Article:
How to Become a Pre-Need Funeral Counselor
Pre-need funeral counselors are individuals who help clients plan funerals ahead of time. Some mortuaries and funeral homes help individuals preplan funerals with the assistance of a funeral counselor. Preparation can include writing an obituary ahead of time; choosing a burial plot and burial method; selecting flower arrangements, music and attendants; and choosing a tombstone. Pre-need counselors can help clients create funeral trust accounts or purchase insurance policies that cover funeral expenses. Although there are few formal requirements for gaining employment as a pre-need funeral counselor, some employers may require specialized education, experience and training in the field.
Attain a high school diploma or GED. Although a college degree is not required for working in the pre-need funeral industry, a degree can make a candidate more attractive to employers during the hiring process. Some pre-need counselors work as funeral directors or funeral director apprentices first, gaining insight into the industry before helping clients determine their future needs. Other individuals obtain bachelor's degrees in business with courses in sales and marketing. Individuals with established successes in selling other goods and services may also gain employment in the field of funeral services.
Attain necessary licensure from the state in which you are seeking employment. Offices issuing pre-need licenses can vary from state to state. State insurance offices, state boards of funeral services or offices of public health may issue licenses to pre-need counselors. In some states, only licensed funeral home directors and their employees are eligible to sell pre-need services. In other states, third-party sellers such as insurance companies and funeral trust companies are able to offer pre-need counseling services.
Attain a position as a pre-need funeral counselor. Potential job openings can be found on industry websites and publications. Prepare for interviews that may involve role-playing or monitored sales calls. If you are not already familiar with the funeral industry, read manuals to learn more about the nuances of selling in the pre-need industry.
Keep up with new trends in the field of pre-need planning by attending conferences and workshops on pre-planning topics. The National Funeral Directors Association offers a nationally certified pre-planning consultant program (CPC) to individuals seeking further education, training and credentials. CPC candidates must be at least 18 years of age. Independent study or formal seminars are required; program choices are determined by years of experience. However, all individuals seeking CPC certification must pay a fee and take and pass a two-hour exam to attain the certificate.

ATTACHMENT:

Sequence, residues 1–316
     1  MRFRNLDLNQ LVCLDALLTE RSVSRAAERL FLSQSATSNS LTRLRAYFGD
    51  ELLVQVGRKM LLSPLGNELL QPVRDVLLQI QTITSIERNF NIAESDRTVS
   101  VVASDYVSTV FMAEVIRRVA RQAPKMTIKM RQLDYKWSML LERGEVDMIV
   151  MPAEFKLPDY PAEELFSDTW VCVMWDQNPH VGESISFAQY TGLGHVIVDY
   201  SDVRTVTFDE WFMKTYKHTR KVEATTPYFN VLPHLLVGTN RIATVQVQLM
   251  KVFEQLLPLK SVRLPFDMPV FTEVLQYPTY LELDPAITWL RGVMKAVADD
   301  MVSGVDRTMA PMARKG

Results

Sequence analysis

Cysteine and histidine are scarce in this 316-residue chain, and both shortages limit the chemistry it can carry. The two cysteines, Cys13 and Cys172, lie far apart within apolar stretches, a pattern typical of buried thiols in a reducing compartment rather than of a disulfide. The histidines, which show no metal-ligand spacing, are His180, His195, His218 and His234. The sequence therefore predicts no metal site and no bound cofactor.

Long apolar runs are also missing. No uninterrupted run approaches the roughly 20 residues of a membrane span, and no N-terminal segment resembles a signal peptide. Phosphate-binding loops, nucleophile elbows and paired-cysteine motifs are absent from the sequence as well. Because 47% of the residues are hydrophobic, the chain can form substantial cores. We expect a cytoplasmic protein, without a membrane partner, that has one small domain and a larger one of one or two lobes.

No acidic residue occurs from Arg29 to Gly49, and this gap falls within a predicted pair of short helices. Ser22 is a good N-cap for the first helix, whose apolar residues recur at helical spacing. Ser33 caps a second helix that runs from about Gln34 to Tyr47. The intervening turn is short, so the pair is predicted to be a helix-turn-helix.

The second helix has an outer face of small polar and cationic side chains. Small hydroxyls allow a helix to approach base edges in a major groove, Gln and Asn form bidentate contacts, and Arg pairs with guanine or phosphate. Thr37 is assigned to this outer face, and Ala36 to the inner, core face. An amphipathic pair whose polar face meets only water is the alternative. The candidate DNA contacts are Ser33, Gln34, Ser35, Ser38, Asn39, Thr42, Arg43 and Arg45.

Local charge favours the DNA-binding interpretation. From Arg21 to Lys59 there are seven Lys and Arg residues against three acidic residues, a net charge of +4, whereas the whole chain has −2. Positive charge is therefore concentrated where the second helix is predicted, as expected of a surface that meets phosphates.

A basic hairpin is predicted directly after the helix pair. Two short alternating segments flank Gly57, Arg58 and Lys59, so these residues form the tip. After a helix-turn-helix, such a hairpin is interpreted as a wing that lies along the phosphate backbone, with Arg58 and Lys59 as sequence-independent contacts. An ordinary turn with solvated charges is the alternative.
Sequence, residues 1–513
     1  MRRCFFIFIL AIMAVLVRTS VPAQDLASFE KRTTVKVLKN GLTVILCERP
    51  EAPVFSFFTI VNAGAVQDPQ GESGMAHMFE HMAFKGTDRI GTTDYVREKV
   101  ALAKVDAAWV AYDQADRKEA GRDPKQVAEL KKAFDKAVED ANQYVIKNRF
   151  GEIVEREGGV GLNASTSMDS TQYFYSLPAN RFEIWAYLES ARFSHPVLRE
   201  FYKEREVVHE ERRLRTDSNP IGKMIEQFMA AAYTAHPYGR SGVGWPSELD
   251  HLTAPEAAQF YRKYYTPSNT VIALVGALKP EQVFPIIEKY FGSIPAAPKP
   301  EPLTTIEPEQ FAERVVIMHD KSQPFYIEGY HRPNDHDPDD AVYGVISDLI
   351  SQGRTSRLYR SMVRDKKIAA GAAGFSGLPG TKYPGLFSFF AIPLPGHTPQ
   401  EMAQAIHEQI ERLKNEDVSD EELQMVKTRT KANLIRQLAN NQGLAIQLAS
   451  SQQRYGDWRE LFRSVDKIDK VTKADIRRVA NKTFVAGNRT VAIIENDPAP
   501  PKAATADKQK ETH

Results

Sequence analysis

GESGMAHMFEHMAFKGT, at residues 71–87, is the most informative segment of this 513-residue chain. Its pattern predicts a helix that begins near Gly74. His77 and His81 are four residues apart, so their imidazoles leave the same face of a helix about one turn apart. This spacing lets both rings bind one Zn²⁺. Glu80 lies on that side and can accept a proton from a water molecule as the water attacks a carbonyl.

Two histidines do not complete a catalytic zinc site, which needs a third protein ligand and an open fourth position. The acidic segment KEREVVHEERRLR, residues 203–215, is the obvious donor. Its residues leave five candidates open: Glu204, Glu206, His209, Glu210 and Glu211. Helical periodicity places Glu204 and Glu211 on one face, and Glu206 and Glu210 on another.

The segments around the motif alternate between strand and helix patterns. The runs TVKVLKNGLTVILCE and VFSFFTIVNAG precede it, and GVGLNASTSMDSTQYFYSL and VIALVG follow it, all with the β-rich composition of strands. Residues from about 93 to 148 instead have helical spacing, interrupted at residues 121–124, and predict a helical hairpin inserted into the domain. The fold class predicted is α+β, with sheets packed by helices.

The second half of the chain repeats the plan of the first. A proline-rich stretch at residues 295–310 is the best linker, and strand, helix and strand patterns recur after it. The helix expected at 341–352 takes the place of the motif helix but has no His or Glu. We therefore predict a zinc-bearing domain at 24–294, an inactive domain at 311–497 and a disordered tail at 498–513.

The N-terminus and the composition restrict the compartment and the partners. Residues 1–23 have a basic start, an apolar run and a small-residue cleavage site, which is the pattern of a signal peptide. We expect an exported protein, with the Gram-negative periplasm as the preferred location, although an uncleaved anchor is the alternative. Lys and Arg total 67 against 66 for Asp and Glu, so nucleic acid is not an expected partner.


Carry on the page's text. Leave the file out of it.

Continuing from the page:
Pre-need funeral planning is difficult to regulate and has received some negative press over the years. Some unscrupulous salespeople have engaged in unethical business practices. Because there is often a significant length of time between the contract and the funeral -- and because clients are no longer able to review the services provided -- it can be difficult to determine whether or not a funeral contact was properly fulfilled. Therefore, getting a formal education, completing workshops and seminars, and obtaining certification from national or state associations can provide a sense of security to potential clients.
The Average Salary of a Funeral Home Hair Stylist→
How to Become a Funeral Coordinator→
What Types of Jobs Can a Person That Is Learning Mortuary Science Do?→
How to Become a Funeral Consultant→
What Kind of License Is Needed to Write Burial Insurance?→
How Many Years Does it Take to Become a Mortician→
Kendall Olsen has been writing for more than 20 years She is a University of Missouri-St. Louis Gateway Writing Project Fellow and has published instructional materials with the McDonald Publishing Company. Olsen holds an Ed.S. in educational technology, an M.Ed. in secondary English curriculum and instruction, a B.S. in elementary education and a B.A. in art history.